Molly– From supply side, number of driver signups per week. Another key metric we are starting to look at is viral factors.(Exponential growth)

Erica– The thing that is so important to growth teams is monitoring. It is very important to have the right monitoring in place.

Miri– It is not just about the metrics going down, it should be possible to explain why metrics go up.

Miri– Sometimes you take a hit at metrics for long term effect.  E.g Forcing Facebook messenger on people. made people mad, but we were trying to provide a better messaging experience. A year later we see it as a success.

Q: What is the difference between growth hacking & growth engineering?

Molly– I see hacking as more about experimentation & iteration. Doing many things and finding out which works.

while growth engineering is all about owning these growth practices.

Vivian– I disagree with you(Molly) on growth hacking. It has a negative connotation . It sounds like being deceptive and growing users by selling a product in a way that it is not. The second negative connotation is like writing bad code to get your numbers up, but I find that the technical debt incurred is a lot and not worth it.

Molly– I think there are little tricks you can do to get your numbers up e.g at Uber we changed a “share with friends” text to “free rides” on the share panel and it increased click through rate by 100%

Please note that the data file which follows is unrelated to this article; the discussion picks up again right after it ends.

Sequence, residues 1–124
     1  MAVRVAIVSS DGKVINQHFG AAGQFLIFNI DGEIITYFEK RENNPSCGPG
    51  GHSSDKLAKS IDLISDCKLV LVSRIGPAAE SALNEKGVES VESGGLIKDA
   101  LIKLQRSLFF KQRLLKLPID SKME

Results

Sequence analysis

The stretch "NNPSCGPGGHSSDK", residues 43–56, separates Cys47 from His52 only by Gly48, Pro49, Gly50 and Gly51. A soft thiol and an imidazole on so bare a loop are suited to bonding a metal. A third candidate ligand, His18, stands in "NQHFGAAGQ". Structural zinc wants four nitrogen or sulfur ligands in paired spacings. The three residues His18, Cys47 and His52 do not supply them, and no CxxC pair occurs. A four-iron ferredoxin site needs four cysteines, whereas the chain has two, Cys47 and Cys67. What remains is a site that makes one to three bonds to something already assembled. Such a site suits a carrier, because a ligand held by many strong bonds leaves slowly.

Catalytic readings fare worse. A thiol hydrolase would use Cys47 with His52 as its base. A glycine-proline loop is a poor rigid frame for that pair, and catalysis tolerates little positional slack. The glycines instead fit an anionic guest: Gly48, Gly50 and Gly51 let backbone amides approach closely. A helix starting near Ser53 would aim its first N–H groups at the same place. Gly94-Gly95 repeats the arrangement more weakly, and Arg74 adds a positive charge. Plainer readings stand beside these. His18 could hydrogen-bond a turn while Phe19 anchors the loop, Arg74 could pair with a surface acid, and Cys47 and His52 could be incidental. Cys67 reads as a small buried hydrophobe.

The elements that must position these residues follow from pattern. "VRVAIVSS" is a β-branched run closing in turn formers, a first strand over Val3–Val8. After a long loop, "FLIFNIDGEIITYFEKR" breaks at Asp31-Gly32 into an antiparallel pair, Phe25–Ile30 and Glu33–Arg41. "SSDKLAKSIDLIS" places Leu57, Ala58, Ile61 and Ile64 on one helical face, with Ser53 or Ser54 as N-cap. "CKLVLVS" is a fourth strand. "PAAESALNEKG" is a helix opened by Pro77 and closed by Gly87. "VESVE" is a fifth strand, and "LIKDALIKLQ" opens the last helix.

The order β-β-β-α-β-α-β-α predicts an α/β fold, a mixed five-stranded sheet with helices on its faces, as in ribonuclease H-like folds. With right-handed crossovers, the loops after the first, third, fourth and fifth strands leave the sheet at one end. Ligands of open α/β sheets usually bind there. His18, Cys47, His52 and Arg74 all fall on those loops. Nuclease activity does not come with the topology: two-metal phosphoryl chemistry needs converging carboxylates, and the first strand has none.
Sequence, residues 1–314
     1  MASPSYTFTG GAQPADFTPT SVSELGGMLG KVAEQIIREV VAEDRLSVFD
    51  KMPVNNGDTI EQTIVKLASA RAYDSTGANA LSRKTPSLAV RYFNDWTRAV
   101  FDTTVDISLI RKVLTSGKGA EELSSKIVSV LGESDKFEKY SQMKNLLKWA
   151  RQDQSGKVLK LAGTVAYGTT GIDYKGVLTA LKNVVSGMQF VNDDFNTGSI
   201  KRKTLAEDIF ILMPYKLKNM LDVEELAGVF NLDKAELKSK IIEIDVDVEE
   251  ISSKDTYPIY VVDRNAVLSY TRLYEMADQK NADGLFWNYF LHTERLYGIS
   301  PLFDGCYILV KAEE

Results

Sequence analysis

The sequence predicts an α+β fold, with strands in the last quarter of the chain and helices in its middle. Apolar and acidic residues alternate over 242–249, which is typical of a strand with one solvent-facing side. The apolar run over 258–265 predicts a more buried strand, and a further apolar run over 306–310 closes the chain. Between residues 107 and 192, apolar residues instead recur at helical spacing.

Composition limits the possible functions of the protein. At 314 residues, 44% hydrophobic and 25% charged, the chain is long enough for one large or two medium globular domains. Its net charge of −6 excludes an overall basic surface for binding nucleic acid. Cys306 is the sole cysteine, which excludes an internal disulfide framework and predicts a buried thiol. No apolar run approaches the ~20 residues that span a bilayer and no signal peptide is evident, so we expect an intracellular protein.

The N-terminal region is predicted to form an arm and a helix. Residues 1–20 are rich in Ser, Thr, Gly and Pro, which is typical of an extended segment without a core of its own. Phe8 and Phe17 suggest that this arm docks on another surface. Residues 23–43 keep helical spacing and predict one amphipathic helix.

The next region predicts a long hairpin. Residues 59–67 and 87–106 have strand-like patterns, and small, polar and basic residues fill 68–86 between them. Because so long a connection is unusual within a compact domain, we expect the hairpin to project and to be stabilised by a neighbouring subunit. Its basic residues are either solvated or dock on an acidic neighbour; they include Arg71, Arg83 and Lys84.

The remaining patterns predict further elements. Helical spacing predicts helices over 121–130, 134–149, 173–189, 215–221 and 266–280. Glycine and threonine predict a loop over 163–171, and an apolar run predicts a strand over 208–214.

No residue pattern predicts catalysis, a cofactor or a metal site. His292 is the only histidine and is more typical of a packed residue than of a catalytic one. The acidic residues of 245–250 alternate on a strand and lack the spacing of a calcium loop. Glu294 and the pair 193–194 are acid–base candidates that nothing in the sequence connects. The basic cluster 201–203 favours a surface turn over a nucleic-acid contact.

Winnie: growth in general is all about empathizing with the user.

Miri– (We should rename Growth hacking to growth experimentation) *Laughter*

Q: What are different approaches taken to grow products?

Molly: In paid marketing for instance you don’t want to be too dependent on cash to grow or to be in the negative. At uber we are banking on viral factor. e.g Referrals. which will increase exponential growth. and reduce your dependence on cash when this is optimized.

Erica: Focus on loops, making smart suggestions to users which leads to smart networks. Focus on nurturing. This helps the viral factor.

A Q&A for the audience followed after the main discussion and here are some questions covered.

Audience: How do you best communicate with teams that are important to growth?

Erica:We have tools that track experiments and how they impact growth.

Vivian: Data engineering team works closely with growth team to tackle these things.

Molly: We work heavily with city and operations team.

Audience: How do you use push notifications to improve user engagement?

Erica:Build intelligence around it to make it relevant to users, and timing.

Miri: Having a cross functional product helps. Then on some platforms for instance, you do not push all notifications.

Audience:How has rebranding & redesigning (e.g of logos) impacted your metrics?

Winnie – It shot up metrics quite a bit. But you have to be really careful as the growth in metrics is usually short term and after a while the numbers drop.

Erica: It’s a scary thing because sometimes you can’t predict the outcome but you have to monitor and iterate accordingly

Audience: How long do you run experiment to determine success or failure?

Erica: It depends. You have to understand your product to determine that.

Winnie: It depends also on how your experiment is set up, some experiments take longer to converge results.

Vivian also added that one has to be very careful which experiment is run.